Part V: Consumer protection

The consumer protection part of the act, contained in Part V and Part VC, is based on the proposition that low consumer power or lack of information is a market failure which needs to be addressed by interference in the market.

These parts deal with:

* Unfair Practices (including unsconscionable conduct and misleading and deceptive conduct) —Part V, Division 1 and Part VC, Division 2

* Product safety and information —Part V, Division 1A and Part VC, Division 3

* Conditions and Warranties in Consumer Transactions ndash Part V, Division 2

* Actions Against Manufacturers/Importers of Goodsndash Part V, Division 2A

* Product Liabilityndash Part VA

Misleading or Deceptive Conduct

Misleading and deceptive conduct (s52) is one of the most important consumer parts of the act. It allows both individuals and the ACCC to take action against corporations who engage in conduct that is misleading or deceptive, or likely to mislead and deceive.Misleading or deceptive conduct carried out by companies can also be prosecuted by the state (under Part VC).

Other Unfair Practices

The Trade Practices Act also prohibits a range of other unfair practices including bait advertising (advertising a product that is not reasonably available), pyramid schemes (Division 1AAA), and certain misrepresentations (e.g. a misrepresentation as to price).

Conditions and Warranties (Division 2 and 2A of Part V)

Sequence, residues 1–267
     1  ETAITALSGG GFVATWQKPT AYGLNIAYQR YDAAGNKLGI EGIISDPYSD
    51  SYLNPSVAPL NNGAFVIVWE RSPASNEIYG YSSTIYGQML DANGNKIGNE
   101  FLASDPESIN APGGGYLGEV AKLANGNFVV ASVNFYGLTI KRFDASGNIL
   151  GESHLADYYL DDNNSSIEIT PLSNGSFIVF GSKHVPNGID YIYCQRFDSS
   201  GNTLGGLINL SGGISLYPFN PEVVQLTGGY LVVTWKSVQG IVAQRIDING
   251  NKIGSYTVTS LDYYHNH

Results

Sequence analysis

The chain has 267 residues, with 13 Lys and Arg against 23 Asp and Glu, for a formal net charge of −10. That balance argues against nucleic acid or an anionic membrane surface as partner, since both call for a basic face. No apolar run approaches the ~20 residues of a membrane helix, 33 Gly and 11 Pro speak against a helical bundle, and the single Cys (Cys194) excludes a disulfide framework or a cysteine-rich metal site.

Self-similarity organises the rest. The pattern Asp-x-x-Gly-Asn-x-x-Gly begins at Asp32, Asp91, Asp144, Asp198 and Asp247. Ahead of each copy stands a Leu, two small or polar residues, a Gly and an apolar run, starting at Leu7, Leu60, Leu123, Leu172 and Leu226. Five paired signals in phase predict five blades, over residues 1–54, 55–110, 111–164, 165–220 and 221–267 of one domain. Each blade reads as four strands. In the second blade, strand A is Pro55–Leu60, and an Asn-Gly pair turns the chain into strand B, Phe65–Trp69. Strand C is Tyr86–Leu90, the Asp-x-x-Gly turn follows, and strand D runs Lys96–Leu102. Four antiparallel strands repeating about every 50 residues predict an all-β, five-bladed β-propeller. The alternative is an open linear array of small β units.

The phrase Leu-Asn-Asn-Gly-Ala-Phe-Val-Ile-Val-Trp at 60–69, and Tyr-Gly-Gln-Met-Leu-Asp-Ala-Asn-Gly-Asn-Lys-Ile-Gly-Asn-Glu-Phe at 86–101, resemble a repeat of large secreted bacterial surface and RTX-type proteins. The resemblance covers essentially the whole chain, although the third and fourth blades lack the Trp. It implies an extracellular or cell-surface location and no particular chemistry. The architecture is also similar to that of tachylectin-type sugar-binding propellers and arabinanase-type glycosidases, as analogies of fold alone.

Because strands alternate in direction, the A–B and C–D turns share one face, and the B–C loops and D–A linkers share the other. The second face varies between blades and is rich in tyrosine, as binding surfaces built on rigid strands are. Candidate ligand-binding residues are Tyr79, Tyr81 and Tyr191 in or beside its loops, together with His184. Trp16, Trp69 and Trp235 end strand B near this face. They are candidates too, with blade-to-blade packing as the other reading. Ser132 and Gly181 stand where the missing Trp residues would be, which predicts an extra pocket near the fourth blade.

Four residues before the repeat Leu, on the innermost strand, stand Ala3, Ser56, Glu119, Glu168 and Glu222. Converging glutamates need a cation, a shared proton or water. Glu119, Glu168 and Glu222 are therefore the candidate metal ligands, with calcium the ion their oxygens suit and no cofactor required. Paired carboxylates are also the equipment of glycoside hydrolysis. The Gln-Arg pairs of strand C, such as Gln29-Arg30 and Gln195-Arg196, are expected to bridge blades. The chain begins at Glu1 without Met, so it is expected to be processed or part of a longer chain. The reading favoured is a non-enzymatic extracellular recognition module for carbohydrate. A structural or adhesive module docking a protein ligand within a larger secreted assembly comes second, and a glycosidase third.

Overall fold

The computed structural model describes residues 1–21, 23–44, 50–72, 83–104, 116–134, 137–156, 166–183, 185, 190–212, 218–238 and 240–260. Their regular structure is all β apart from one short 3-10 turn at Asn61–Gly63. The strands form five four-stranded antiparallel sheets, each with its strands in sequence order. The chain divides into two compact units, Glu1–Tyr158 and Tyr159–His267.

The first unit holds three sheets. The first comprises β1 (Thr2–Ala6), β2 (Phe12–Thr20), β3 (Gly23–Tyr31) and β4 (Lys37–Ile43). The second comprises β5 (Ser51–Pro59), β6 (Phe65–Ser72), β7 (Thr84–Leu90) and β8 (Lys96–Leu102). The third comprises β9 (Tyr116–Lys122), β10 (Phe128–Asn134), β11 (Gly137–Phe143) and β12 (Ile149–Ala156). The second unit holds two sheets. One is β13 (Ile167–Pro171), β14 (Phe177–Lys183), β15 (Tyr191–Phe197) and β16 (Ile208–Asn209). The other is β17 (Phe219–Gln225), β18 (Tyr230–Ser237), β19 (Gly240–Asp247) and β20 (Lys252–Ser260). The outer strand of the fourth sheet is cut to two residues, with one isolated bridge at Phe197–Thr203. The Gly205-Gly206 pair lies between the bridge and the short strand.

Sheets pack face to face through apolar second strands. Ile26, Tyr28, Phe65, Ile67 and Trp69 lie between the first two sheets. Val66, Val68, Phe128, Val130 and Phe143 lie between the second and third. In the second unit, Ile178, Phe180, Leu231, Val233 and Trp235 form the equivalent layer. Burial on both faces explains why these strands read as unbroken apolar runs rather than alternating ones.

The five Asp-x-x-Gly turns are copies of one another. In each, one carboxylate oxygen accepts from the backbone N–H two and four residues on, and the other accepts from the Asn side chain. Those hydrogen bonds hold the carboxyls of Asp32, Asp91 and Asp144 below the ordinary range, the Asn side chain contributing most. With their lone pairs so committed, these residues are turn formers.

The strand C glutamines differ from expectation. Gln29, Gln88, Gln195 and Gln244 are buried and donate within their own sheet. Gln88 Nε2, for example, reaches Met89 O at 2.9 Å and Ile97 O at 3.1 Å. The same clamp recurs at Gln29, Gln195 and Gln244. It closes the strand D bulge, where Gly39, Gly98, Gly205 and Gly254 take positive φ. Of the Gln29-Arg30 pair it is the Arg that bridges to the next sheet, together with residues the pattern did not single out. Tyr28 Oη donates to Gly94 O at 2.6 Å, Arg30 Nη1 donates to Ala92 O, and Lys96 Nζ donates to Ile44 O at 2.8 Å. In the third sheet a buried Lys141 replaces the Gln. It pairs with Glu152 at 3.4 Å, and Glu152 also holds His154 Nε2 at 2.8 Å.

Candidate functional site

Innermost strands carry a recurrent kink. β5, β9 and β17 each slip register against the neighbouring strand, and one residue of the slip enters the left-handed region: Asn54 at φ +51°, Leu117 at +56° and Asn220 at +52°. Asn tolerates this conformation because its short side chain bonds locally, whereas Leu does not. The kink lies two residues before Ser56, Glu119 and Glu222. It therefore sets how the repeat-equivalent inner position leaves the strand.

The Trade Practices Act implies into contracts with consumers certain conditions and warranties. Similar conditions are implied by the State Sale of Goods Acts, but these acts have slightly different jurisdictional limits (e.g. ‘consumer’ and ‘goods’) and the legislative phrases may have been interpreted slightly differently.

Under the Trade Practices Act implied conditions and warranties are mandatory: they cannot be excluded by a contractual intent to the contrary. The implied conditions are as to title (s69), quiet possession, freedom from encumbrances, fitness for purpose (s71(2), supply by description or sample (s70, s72 ) and that the goods are of merchantable quality (s66(2)).

The most important of these to a consumer is likely to be merchantable quality. If goods fail to reach a basic level of quality (considering the price of the goods) – that is they defective, break, or do not do what they should do – then the TPA has been breached.

Part VC Criminal Offences

Part VC mirrors certain provisions of Part V relating to consumer protection. Part V establishes these provisions as criminal conduct. Although the ACCC monitors compliance with Part V, it is the role of the DPP to prosecute criminal offences.

Part VII Authorisations, Notifications, and clearances in respect of restrictive trade practices